Here is the recipe for my latest batch of Bean Soup:
2 c navy beans
Water and more water
1 large carrot, grated
Ham bone with extra meat
1 scant tablespoon sugar
1 teaspoon dried basil
1 teaspoon dried oregano
1 bay leaf
The night before: Place navy beans in a large bowl. Add water to more than cover the beans. In the morning, drain and rinse beans. Place in a Dutch oven or stockpot and cover with water. Heat to simmering and cook for 2 hours. Add grated carrot, ham bone with extra meat and continue to simmer for a couple more hours. Add more water if necessary. Take bone out of pot and remove all the meat. Dice all of the extra meat too. Return the meat to the pot. Add sugar, basil, oregano and bay leaf. Check water level and add more if necessary. Simmer for another hour, until beans are good and soft. Use a potato masher to mash the beans. Don’t mash all of them leave about 1/3 to 1/2 of the beans whole. Taste the soup and add more basil or oregano if desired. Add more water then simmer to desired thickness. Remove the bay leaf. Keep soup warm and add water if necessary to keep desired thickness until ready to serve. This is a hearty and tasty soup. I like to serve it with crusty French bread and sweet creamy butter.
The holiday season is a tough time when you’re single and alone. But this year, I decided to take the holidays by the horns and make them my own. No more wallowing in self-pity waiting for someone else to make the days merry and bright.
I chose to fully embrace the festivities and bring all the bright lights, hokey Christmas songs and fattening food into my life. I called, texted and emailed my late husband’s side of the family and invited them to a big Thanksgiving feast at my new house. True, we had to have dinner the weekend before Thanksgiving – you know how busy everyone is these days – but it was a good time all the same.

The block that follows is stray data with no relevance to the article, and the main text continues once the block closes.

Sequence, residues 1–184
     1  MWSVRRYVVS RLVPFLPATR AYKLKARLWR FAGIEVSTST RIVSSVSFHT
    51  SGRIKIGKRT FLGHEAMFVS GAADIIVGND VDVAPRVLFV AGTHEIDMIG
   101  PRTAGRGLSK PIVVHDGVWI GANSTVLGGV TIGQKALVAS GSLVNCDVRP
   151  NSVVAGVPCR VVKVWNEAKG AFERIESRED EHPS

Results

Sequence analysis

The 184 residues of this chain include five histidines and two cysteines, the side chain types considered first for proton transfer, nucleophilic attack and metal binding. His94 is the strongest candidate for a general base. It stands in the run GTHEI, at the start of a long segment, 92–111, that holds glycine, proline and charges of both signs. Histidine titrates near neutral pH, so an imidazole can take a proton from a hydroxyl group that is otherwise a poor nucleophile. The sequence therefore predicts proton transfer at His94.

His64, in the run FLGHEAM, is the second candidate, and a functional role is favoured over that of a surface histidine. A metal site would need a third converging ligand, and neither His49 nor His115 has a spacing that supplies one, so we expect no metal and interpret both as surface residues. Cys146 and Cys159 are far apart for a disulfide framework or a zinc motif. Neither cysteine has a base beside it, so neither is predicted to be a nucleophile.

The odd schedule worked out for the best. After the big family dinner, I headed north with presents in the trunk to spend an overnight with my brother and sister-in-law. Between one thing and another, we hadn’t had the time to just hang out with each other in months.
After dark, the day I arrived, my grand-niece sang in a choir at Dow Gardens. It was beautiful, incredibly cold and amazing. Luminaries lighted the paths and fairy lights were in the trees. The Christmas carols and the harmony of the young voices brought the spirit of Christmas to all of us.
I’d planned a pre-Christmas dinner for my son, his wife and my precious granddaughters. But the morning of our get-together I got a phone call that he’d been called into work. “We’re not gonna make it tonight mom.” He’s a policeman and works 12 hours shifts. I told him to be glad for the overtime and stay safe. The upside was, I had great chili for supper the next few nights.
I surprised my postman and the garbage guys with a tin of cookies – my delicious and awesome chocolate chip and also some ginger cookies – along with a card and a tip wishing them Happy Holidays. I was lucky to be looking out the window when they found their gifts and it made me smile from ear to ear.
Since Christmas Eve was on a Sunday, I celebrated the fourth Sunday of Advent in the morning and then stuck around to decorate the church for the Christmas Eve services. We don’t mix our holidays in the Episcopal faith. Advent is for the waiting and expectation of Jesus’ birth. The celebrating of that birth begins on Christmas Eve and lasts through Epiphany.
I will host the family Christmas dinner and gift exchange celebration on December 30th. Once again, that day is the best fit for everyone’s schedule. I will be happy to have the whole clan here. And what’s wrong with stretching out the celebrating? A little creativity and going-with-the-flow have made this the best Christmas I’ve had in many years. It all began with the decision to make it so.